The definition of hardship, and how it is accessed by customers experiencing difficulties, continues to be grappled with during the Royal Commission. While all financial institutions would have hardship policies in place, the interpretation of the policy and the motivation to support customers experiencing hardship varies across the board.

It is expected that there will be an increase in hardship requests post Royal Commission as customers begin to learn that there is an avenue of support when facing financial difficulties. Interestingly the roundtable discussed how Mutual Banks, focused on members, meant they were already motivated to work with a member in need while the bigger banks were more likely to cut their losses, call in a debt and move on.


Financial institutions will likely be required to lift their game in terms of providing support for hardship cases. Member-focused, Mutual Banks, can certainly differentiate themselves from the larger, for-profit institutions.

The perils of growth

The big banks weren’t always big. They grew to their size and market share over time and through mergers and acquisitions. Fast growth, alongside legacy systems issues, employee attraction and retention and culture have enabled much of the bad behaviour that is coming to light.

The Mutual Banks and Credit Unions are also growing – both organically and through mergers and acquisitions – and need to ensure that their member focus, quality of advice and culture remains intact, and a differentiator.


The challenge for Mutual Banks as they grow is to clearly understand what they want their institution to look like in the future – and put the systems in place to prevent culture cracks from appearing.

Is it time for a standard set of Terms and Conditions?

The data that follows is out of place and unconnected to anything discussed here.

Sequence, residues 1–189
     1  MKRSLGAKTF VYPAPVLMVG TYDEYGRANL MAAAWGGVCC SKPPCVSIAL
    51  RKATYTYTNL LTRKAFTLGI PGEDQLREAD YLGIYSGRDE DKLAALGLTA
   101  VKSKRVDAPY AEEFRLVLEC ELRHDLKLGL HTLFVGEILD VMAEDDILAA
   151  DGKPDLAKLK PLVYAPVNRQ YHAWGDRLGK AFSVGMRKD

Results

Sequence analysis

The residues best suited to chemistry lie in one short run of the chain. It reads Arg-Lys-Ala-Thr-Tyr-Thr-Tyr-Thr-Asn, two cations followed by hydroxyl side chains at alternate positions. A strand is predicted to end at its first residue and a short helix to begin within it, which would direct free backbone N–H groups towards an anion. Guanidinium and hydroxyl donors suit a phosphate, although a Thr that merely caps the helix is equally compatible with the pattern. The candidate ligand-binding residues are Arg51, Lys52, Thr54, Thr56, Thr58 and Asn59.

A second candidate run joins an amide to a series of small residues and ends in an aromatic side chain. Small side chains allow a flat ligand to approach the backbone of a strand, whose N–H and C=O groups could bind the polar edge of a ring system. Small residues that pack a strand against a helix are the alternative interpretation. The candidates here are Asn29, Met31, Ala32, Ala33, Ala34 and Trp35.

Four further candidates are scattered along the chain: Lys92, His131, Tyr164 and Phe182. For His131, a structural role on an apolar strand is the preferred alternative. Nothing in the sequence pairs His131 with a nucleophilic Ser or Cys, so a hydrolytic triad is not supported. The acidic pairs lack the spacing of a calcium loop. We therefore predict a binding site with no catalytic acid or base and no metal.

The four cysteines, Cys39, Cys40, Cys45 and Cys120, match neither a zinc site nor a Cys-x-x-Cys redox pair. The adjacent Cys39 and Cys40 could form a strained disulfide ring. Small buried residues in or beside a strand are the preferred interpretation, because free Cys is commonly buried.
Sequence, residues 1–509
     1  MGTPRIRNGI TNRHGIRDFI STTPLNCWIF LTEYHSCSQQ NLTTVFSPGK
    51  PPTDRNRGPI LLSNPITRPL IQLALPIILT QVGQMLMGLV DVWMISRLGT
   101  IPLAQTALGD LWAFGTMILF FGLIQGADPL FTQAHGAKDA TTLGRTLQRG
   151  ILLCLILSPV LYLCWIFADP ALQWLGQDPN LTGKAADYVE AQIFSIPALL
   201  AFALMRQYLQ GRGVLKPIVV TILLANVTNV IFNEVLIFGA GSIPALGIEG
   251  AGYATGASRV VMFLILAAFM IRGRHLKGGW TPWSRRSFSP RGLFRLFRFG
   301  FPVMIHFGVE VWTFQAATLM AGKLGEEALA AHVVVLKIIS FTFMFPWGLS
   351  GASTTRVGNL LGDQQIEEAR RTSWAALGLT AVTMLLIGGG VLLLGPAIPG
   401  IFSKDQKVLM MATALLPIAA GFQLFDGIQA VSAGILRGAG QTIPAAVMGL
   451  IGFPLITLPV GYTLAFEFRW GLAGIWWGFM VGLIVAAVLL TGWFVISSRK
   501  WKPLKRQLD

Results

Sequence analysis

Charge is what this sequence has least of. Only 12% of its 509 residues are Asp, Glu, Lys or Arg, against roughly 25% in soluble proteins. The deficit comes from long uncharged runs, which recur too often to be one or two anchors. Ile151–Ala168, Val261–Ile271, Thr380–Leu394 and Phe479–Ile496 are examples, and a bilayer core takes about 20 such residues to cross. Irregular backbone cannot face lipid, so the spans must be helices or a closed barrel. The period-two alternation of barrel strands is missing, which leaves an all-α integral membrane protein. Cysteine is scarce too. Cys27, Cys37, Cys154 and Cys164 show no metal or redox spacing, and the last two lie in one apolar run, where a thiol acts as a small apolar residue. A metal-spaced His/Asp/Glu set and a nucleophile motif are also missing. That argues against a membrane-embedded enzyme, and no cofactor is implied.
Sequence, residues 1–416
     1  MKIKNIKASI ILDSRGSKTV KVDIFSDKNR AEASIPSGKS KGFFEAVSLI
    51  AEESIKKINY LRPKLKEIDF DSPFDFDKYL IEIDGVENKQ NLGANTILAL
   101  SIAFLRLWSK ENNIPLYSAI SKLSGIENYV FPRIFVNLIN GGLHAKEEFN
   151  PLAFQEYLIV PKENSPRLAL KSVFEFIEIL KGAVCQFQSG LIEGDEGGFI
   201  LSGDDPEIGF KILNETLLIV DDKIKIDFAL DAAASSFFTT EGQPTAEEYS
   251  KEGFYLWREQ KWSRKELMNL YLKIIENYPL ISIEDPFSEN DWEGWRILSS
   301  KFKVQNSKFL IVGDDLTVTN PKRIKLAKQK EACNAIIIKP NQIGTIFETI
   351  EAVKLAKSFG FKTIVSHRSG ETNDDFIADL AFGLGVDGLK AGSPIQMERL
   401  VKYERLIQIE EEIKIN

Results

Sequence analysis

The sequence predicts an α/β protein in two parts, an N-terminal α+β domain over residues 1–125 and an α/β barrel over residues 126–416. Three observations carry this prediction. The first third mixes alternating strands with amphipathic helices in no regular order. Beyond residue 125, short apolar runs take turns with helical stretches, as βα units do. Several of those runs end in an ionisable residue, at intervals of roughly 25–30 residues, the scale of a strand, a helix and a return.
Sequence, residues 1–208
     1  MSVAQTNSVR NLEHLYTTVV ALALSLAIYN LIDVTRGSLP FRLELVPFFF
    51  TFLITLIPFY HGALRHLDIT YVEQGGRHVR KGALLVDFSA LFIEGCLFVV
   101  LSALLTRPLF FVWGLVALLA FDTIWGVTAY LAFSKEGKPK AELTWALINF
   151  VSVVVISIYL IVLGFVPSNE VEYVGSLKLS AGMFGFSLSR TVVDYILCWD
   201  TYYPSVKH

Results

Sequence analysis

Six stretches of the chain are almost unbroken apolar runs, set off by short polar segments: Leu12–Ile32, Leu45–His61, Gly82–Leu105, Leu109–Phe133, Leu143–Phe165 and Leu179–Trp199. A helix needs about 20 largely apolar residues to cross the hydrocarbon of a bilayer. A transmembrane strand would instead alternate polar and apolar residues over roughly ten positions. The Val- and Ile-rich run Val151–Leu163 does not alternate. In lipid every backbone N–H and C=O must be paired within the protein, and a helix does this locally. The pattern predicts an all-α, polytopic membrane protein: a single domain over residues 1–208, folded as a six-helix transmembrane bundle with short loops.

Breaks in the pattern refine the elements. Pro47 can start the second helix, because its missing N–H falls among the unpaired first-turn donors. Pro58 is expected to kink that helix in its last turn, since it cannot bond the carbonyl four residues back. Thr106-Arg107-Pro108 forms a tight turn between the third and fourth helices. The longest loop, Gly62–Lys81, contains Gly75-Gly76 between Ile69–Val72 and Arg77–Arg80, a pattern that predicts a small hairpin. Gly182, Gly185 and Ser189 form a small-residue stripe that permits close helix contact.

Many financial institutions consider their favourable Terms and Conditions as a differentiator. However, it’s common knowledge that very few people read the fine print.

An interesting idea floated during the roundtable discussion was for a standard set of Terms of Conditions for all financial products, providing standard protection for customers, and encouraging financial services institutions to develop and communicate more meaningful differentiators.


Look to your customer – what is important to them and how can you communicate this in an easy to understand way? Your Terms and Conditions might not be hitting the mark. 

The role of Internal Audit – what does good look like?

Boards can play a role in working with internal audit to elevate findings, challenge the resolution of outstanding issues and require an increased focus on “red” rated items, overdue items and findings that have a direct customer impact. Internal audit needs to deliver insightful findings supported by root cause analysis but the culture and accountability within the organisation can align to enable audit to protect the business and the customer.


How do internal audit report to your Audit Committee? You can challenge internal audit to draw out the weak spots in your organisation and focus on customer outcomes.